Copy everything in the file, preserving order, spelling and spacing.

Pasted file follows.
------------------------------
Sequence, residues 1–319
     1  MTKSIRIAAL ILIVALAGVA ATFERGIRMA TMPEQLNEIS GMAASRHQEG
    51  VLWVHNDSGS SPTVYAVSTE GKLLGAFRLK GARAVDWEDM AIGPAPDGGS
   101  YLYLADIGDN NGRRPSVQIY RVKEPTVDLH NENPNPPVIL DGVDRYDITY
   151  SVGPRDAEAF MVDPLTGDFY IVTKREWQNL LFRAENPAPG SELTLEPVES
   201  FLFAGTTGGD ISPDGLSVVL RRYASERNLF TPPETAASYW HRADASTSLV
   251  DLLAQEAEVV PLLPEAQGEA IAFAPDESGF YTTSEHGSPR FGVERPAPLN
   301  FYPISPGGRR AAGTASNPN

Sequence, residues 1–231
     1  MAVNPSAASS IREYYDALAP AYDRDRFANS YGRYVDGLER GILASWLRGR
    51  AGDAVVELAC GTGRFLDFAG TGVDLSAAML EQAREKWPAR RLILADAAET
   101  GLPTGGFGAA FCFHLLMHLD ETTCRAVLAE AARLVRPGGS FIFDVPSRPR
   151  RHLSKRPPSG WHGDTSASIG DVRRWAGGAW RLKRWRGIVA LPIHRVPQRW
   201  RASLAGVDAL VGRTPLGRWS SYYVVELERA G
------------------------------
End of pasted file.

Sequence, residues 1–319
     1  MTKSIRIAAL ILIVALAGVA ATFERGIRMA TMPEQLNEIS GMAASRHQEG
    51  VLWVHNDSGS SPTVYAVSTE GKLLGAFRLK GARAVDWEDM AIGPAPDGGS
   101  YLYLADIGDN NGRRPSVQIY RVKEPTVDLH NENPNPPVIL DGVDRYDITY
   151  SVGPRDAEAF MVDPLTGDFY IVTKREWQNL LFRAENPAPG SELTLEPVES
   201  FLFAGTTGGD ISPDGLSVVL RRYASERNLF TPPETAASYW HRADASTSLV
   251  DLLAQEAEVV PLLPEAQGEA IAFAPDESGF YTTSEHGSPR FGVERPAPLN
   301  FYPISPGGRR AAGTASNPN

Sequence, residues 1–231
     1  MAVNPSAASS IREYYDALAP AYDRDRFANS YGRYVDGLER GILASWLRGR
    51  AGDAVVELAC GTGRFLDFAG TGVDLSAAML EQAREKWPAR RLILADAAET
   101  GLPTGGFGAA FCFHLLMHLD ETTCRAVLAE AARLVRPGGS FIFDVPSRPR
   151  RHLSKRPPSG WHGDTSASIG DVRRWAGGAW RLKRWRGIVA LPIHRVPQRW
   201  RASLAGVDAL VGRTPLGRWS SYYVVELERA G